THE ART WORLD IS NOT AS PREPARED AS IT SHOULD BE FOR BREXIT

Courtesy of pexels.com.

The never-ending story of Brexit is seemingly hitting it’s next significant landmark. Four and a half years since Britain officially voted to leave the European Union in May of 2016, the two parties have reached an agreement, which was subsequently accepted by Parliament, regarding upcoming trade and travel guidelines. On Friday, January 1, 2021, these new rules will be instituted, effectively beginning the true Brexit in earnest. This will by no means be the end of Brexit in the news, but it certainly has ended what for many years appeared to be a Sisyphean process. Despite years of run-up towards the new rules however, the art world in Europe will surely see fractured relations due to ill-preparedness.

Leaving aside the political implications of Brexit, the 1,200-page trade agreement aimed, according to The New York Times London bureau chief Mark Landler, to “avoid very disruptive changes, such as tariffs and quotas.” That said, by the new year, the age of restriction-less travel between Britain and the EU, a product of a nearly half-century partnership, will come to a close. And while most goods in the art market are not subject to import tariffs, the new travel restrictions will certainly shake up the two sides’ protocols when it comes to shipping and trading artwork.

Some preparations have been made already by the UK. According to the chairman of the British Art Market Federation, Anthony Browne, the association has spent the last two years in talks with various government departments to make the transition smooth in terms of export licensing, VAT and other trade regulations, including the “cross-border tax system.” Unfortunately, many EU nations have not had the same foresight, and in advance of the new year, the huge influx of art in transport and the newly associated mountain of paperwork has significantly congested the shipping ports bringing new art into the country. Huge delays, increased shipping time, and increased costs, which much of the UK is not financially equipped to deal with because of the lack of infrastructure, are expected.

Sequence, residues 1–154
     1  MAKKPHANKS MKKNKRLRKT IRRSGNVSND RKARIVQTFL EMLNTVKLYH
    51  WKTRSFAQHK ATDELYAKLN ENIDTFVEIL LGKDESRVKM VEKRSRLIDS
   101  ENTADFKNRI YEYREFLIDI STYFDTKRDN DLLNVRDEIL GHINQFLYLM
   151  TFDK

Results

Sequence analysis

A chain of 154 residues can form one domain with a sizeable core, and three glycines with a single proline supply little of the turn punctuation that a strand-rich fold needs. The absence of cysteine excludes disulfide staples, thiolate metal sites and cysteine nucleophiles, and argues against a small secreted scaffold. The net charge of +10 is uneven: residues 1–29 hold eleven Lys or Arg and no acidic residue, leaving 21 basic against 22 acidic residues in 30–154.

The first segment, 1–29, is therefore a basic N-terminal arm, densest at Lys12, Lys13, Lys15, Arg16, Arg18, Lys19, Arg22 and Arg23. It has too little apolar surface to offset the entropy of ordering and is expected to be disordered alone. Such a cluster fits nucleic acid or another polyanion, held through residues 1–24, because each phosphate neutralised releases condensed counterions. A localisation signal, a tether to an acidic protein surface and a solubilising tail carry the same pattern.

The port of Dover, which has been and will continue to be backed up for months to come following new import/export guidelines. Courtesy of Tom Corser/Wikimedia Commons.

This could, in the short term at least, mean a slowdown of art acquisitions for specific museums in Britain, which in turn could slowly spiral over time into a decreased cultural education in the art realm if museums are unable to fund major acquisitions from the rest of Europe. Of course it is important for any country to keep local/national art raised high, but a well-rounded arts education involves experiencing the works of as many cultures and nations as possible. Frankly, it is the xenophobia that sparked Brexit in the first place bleeding into cultural education at the highest institutional level. This spiral may sound like a hysterical overestimation, but it is important to stop these things before they become issues, rather than the other way around. To that effect, some auctioneers in both the UK and EU have hired shipping specialists to hopefully curb the congestion, though the majority just don’t have definitive plans in place to word around the restrictions.